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Full text of "Political Science Of The State"

POLITICAL CUA^t:S-                               583

t     u  u* toother  entrusted \vith the

bom and the mean  should b   to      ^   .^                  -

affairs and offices of the poly,                  as

between these extremes should be ""•                         «"• Pos

sible.    (to § 8.)                                      j.      .s to      k

A most i-portant point in cu) I       X                       uch

provision, by law and m other    )•          P ^                 ^

not be a source of gai.    LspeaJ'                      ?          -

they are allowed to pursue their private aairs quietly-
s they are, when they think that lie rulers arc .Baling the
public money. Then it is that they arc grieved, bo* because
Ly have no share in the offices and have none of the gams.
This evil will be prevented when the public posts are not
lucrative, for then the poor will not seek for them, and the
upper class will be unable to misuse them for purposes of gain,
and yet be ready to fill them as places of honor. And thus
the poor will become affluent, because they can glve their
attention to their own callings, and the upper class will not
be ruled by their inferiors. In order to prevent he stealing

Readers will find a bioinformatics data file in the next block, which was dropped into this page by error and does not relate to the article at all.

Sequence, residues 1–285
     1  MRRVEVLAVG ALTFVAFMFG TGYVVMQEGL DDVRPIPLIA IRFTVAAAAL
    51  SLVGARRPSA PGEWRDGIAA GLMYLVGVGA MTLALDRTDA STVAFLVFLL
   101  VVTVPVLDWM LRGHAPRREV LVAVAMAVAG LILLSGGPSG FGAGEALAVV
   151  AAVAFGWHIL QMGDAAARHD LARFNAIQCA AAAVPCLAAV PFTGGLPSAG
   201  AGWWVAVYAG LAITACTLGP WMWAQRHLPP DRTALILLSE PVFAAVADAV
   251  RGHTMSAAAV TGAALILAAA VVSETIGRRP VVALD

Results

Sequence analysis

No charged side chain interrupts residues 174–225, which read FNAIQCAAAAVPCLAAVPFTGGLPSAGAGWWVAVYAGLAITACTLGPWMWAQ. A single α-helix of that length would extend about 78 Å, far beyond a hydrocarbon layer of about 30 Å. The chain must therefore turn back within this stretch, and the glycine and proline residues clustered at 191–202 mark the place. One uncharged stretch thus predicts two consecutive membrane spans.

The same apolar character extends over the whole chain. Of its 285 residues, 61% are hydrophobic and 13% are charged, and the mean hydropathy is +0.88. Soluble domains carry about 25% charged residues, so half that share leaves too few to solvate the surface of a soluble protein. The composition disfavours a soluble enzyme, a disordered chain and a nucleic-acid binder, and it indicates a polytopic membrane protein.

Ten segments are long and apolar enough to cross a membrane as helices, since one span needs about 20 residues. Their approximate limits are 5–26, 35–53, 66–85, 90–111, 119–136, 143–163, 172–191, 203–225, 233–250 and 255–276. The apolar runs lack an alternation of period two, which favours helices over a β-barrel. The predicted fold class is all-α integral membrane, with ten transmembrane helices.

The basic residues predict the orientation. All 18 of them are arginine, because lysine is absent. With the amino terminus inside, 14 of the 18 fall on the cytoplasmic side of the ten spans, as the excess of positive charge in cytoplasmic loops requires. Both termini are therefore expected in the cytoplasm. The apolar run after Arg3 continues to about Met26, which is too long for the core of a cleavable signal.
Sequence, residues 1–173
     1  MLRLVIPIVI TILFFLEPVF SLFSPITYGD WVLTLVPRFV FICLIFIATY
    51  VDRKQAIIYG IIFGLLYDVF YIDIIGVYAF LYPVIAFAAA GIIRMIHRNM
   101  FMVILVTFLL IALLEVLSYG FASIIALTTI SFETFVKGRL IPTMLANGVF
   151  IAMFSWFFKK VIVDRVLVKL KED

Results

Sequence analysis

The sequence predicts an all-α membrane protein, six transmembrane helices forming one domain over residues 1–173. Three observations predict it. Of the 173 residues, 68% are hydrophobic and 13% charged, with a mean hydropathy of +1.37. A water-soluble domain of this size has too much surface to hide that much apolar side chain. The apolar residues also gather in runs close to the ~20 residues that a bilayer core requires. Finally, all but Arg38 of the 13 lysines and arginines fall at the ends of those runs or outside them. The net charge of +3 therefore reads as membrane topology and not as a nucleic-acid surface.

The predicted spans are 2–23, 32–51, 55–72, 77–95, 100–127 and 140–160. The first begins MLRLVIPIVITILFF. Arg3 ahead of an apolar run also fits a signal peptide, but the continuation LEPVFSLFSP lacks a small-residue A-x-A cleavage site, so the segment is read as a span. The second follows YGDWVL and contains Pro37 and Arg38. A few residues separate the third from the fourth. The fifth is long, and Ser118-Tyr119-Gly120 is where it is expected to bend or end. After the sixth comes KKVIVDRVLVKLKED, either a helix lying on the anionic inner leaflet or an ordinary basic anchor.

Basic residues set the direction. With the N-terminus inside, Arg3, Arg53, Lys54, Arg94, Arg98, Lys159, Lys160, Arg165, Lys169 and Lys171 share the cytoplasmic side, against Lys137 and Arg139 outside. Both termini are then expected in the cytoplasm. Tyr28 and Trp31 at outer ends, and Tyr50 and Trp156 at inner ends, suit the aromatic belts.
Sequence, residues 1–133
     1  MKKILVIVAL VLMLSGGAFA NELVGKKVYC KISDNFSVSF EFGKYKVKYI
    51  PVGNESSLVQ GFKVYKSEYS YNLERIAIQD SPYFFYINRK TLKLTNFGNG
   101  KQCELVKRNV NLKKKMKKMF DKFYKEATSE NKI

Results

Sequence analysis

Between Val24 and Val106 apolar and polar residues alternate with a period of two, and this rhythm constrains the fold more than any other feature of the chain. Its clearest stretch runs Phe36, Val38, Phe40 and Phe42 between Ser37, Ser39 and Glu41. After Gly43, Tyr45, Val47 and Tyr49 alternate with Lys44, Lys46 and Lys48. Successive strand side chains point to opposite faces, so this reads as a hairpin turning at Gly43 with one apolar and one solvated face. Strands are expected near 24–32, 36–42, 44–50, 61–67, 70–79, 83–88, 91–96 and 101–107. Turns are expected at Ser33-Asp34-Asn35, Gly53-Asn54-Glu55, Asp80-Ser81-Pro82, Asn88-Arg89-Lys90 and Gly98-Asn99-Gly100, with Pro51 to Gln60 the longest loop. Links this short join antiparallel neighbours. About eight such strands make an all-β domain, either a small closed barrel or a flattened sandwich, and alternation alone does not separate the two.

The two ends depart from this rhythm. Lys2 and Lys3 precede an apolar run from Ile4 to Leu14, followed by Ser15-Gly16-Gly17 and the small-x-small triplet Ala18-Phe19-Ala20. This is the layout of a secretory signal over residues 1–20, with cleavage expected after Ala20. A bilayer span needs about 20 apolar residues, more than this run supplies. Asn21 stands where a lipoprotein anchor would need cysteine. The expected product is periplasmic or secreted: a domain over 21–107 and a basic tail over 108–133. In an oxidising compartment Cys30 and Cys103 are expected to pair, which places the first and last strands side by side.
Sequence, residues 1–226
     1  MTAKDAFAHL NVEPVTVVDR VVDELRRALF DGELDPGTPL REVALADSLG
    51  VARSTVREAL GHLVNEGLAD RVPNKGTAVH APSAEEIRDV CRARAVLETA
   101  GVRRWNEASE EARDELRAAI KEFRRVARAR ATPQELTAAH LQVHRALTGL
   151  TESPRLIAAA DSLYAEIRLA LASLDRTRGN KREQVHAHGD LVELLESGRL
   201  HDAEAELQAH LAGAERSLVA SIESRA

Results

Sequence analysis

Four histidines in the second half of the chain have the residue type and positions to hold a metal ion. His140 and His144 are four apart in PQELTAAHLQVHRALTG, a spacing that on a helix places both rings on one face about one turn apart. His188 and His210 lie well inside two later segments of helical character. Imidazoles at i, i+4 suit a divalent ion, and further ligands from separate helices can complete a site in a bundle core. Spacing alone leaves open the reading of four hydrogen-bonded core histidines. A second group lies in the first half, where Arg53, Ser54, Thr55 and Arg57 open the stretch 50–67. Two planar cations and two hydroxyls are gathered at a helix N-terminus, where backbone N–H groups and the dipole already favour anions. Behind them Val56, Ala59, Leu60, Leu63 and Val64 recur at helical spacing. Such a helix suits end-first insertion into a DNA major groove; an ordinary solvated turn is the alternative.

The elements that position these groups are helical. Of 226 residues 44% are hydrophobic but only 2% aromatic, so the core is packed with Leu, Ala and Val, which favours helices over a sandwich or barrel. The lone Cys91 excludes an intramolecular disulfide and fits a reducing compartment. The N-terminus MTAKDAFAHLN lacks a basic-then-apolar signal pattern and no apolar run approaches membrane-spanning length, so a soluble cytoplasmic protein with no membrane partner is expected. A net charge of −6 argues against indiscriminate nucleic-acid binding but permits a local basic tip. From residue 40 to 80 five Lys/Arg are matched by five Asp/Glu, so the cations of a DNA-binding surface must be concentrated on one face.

of public money, let the handing over of the funds entrusted
to public officers take place in the presence of all the peo-
ple ; let copies of the accounts be lodged m the archives of
the tribes and other subdivisions of the state; and let appro-
priate honors be bestowed on those who have managed pub-
lic affairs without making office a source of gam. (to $ 11.)
In democracies the affluent ought not to be put to great
expense, nor even to be allowed to use their incomes in ex,
pensive but useless public services, such as taking the lead in
choragic shows, torch-races, and the like. In an oligarchy
much care should be taken of the poorer citizens, and offi-
ces be given to them from which they can recewe a salary;
and should any of the wealthy treat them with contumely or
outrage, the penalty ought to be g^ter than tf they should
so treat their own class In this polity, again, mhentances
ought not to go by donation, but only by birth, and the same
person ought not to be allowed to ««eive more than one in-